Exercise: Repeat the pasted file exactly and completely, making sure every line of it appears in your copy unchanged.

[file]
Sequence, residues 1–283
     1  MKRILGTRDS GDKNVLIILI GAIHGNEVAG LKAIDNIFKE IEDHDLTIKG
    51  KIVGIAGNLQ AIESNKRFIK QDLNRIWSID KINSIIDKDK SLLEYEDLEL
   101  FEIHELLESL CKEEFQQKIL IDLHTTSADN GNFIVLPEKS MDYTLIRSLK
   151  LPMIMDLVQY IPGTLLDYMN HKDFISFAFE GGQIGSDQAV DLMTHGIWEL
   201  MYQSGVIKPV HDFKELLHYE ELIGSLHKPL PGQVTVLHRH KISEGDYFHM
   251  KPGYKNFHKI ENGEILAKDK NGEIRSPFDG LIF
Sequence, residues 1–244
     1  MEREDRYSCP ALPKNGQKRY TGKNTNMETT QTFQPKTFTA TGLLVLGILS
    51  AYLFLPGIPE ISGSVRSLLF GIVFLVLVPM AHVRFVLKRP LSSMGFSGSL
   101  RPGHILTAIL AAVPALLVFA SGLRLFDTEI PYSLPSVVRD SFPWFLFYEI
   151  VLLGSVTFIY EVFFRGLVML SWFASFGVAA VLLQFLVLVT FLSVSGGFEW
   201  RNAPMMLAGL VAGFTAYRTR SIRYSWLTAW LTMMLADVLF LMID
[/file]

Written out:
Sequence, residues 1–283
     1  MKRILGTRDS GDKNVLIILI GAIHGNEVAG LKAIDNIFKE IEDHDLTIKG
    51  KIVGIAGNLQ AIESNKRFIK QDLNRIWSID KINSIIDKDK SLLEYEDLEL
   101  FEIHELLESL CKEEFQQKIL IDLHTTSADN GNFIVLPEKS MDYTLIRSLK
   151  LPMIMDLVQY IPGTLLDYMN HKDFISFAFE GGQIGSDQAV DLMTHGIWEL
   201  MYQSGVIKPV HDFKELLHYE ELIGSLHKPL PGQVTVLHRH KISEGDYFHM
   251  KPGYKNFHKI ENGEILAKDK NGEIRSPFDG LIF
Sequence, residues 1–244
     1  MEREDRYSCP ALPKNGQKRY TGKNTNMETT QTFQPKTFTA TGLLVLGILS
    51  AYLFLPGIPE ISGSVRSLLF GIVFLVLVPM AHVRFVLKRP LSSMGFSGSL
   101  RPGHILTAIL AAVPALLVFA SGLRLFDTEI PYSLPSVVRD SFPWFLFYEI
   151  VLLGSVTFIY EVFFRGLVML SWFASFGVAA VLLQFLVLVT FLSVSGGFEW
   201  RNAPMMLAGL VAGFTAYRTR SIRYSWLTAW LTMMLADVLF LMID